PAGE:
Daily Reading for October 21
I once had a colleague whose home contained an impressive array of house plants. Looking at the abundance of healthy green foliage, I asked her to share her secret. “My secret?” she responded. “When they begin to die, I throw them on the compost heap.”
Throwing away plants—whether they be houseplants at the end of their lives or vegetable seedlings at the beginning of theirs—onto the compost heap is extremely difficult for me. The back of the carrot seed package directs me to “scatter seed in the row at the rate of three to five seeds per inch.” Then come those awful words: “When seedlings have three leaves, thin to stand two inches apart.” I usually cannot bring myself to follow the directions to the letter. I cheat, hoping that they will grow equally well if they are only one-and-a-half inches from their neighbors. I want to hold on to the houseplants and to each carrot seedling. I need, instead, to learn that their dying is a way of giving. Their dying contributes to living.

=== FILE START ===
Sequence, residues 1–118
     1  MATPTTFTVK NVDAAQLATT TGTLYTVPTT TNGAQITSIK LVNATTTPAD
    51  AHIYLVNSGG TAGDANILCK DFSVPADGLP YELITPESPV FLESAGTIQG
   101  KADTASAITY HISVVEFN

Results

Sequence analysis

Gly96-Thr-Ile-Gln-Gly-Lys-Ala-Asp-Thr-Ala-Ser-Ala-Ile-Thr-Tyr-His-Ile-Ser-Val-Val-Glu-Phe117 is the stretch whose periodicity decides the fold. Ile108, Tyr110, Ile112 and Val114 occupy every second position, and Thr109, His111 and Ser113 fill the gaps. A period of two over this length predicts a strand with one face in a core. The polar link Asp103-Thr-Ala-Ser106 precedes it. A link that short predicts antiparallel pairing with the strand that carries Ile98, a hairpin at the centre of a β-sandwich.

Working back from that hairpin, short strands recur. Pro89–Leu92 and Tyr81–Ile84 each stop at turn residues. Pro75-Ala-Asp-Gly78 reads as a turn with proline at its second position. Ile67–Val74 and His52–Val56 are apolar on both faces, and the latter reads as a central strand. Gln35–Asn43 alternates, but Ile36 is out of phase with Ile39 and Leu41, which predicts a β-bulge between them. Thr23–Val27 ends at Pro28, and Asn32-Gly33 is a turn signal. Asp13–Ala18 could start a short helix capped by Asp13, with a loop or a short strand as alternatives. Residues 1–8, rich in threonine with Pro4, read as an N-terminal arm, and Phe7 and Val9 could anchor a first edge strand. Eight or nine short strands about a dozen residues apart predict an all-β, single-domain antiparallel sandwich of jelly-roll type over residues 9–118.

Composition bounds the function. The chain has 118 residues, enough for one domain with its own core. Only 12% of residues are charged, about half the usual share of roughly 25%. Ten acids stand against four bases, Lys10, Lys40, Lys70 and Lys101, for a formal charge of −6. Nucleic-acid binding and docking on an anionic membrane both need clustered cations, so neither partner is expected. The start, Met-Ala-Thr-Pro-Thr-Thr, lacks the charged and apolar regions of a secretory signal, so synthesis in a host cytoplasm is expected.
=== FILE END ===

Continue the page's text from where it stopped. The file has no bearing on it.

On our nature walk, Stuart Mace explained that death is the keystone of nature’s life cycle. If deciduous trees stubbornly clung to their leaves, there would be no black loam at their roots to nurture next year’s greenery. Giving is the pattern in the animal world as well, although it might also be seen as taking, depending on one’s place in the chain! Algae give their lives in the fish’s watery cafeteria, who in turn meet their end when a sharp-eyed seagull plunges to spear them. Each death gives life to something else. The things of the earth give themselves for one another and for future generations.
From Organic Prayer: A Spiritual Gardening Companion by Nancy Roth. Copyright © 1993, 2007. From Seabury Books, an imprint of Church Publishing. Used by permission of Church Publishing Incorporated, New York, NY. www.churchpublishing.org